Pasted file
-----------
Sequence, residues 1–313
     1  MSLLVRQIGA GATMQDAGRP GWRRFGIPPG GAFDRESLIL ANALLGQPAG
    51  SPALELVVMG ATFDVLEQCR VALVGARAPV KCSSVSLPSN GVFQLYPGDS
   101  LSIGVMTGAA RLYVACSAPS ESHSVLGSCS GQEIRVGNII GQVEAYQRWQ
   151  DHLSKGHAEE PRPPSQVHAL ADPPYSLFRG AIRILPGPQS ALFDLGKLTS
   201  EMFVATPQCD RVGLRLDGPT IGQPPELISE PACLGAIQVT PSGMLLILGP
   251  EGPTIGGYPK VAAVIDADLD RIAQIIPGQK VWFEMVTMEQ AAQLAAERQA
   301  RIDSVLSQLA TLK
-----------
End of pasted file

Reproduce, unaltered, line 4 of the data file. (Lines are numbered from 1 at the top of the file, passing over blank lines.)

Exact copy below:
   101  LSIGVMTGAA RLYVACSAPS ESHSVLGSCS GQEIRVGNII GQVEAYQRWQ